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- Stuart, S. and T. Scassa, "Legal Guarantees for Olympic Legacy", Entertainment and Sports Law Journal, 9 (2011), No. 1.
- Guan, W.A, "Comparative Study of Olympic Marks Protection and Beyond: the United States, Canada, and China", in Globalization and Local Adaptation in International Trade Law, Vancouver, UBC Press, 2011, pp. 256-284.
- De Werra, J. and M. Chappuis, Sport et propriété intellectuelle = Sport and Intellectual Property, Bruxelles, Bruylant, 2010.
- Chappuis, M., "La protection des propriétés olympiques, in Sport et propriété intellectuelle = Sport and Intellectual Property, Bruxelles, Bruylant, 2010, pp. 1-11.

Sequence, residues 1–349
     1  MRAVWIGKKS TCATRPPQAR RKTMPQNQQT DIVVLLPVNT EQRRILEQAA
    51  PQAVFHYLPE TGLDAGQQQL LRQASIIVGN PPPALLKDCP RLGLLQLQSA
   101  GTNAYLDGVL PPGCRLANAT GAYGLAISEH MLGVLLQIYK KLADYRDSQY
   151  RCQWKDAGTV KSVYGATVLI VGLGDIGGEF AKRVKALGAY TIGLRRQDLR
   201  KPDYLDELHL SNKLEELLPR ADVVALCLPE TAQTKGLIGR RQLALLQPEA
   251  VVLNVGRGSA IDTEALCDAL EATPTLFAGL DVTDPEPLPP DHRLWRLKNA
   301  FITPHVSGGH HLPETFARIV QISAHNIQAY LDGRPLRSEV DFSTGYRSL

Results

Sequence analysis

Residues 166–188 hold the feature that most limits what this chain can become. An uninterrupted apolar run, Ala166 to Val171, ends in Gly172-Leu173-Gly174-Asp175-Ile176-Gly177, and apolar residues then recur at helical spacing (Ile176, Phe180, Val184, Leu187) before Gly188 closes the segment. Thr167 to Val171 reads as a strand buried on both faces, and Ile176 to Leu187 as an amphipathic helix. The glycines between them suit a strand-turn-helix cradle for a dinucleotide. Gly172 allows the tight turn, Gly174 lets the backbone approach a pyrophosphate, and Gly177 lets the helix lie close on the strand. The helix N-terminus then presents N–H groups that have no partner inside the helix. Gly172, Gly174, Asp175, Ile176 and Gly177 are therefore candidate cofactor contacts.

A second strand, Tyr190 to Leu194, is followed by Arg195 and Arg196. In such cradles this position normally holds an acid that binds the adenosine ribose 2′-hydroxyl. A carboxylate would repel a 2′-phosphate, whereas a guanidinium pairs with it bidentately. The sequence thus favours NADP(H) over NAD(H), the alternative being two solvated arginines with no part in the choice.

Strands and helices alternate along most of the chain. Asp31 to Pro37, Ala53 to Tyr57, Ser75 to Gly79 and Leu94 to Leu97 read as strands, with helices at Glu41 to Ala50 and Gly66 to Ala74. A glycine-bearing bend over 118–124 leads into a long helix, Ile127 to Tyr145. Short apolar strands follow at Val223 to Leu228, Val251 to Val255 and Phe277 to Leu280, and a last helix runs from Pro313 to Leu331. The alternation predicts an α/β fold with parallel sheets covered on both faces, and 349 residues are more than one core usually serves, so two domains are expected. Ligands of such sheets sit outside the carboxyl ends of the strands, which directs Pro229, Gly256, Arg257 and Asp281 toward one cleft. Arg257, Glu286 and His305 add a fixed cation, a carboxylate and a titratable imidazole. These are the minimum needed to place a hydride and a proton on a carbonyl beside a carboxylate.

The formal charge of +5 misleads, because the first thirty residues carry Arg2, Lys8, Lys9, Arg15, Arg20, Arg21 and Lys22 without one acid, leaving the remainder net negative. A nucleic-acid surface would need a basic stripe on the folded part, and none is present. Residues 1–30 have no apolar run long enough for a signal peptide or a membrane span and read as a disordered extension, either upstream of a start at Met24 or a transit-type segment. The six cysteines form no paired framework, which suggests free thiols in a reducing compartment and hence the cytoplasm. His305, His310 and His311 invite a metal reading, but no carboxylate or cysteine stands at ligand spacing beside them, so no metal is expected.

- Mey, B., "China, the “Intelllectual Property Black Hole” Hosts the XXIX Olympiad: Measures the People’s Republic of China Undertook to Secure the Protection of Olympic-Related Intellectual Property Rights, The Journal of World Intellectual Property, 12 (2009), No. 2, pp. 153-173.
- Padley, H., "London 2012: Five Years and Counting", Maxwell’s International Sports Law Review, 7 (2007), No. 3, pp. 33-38.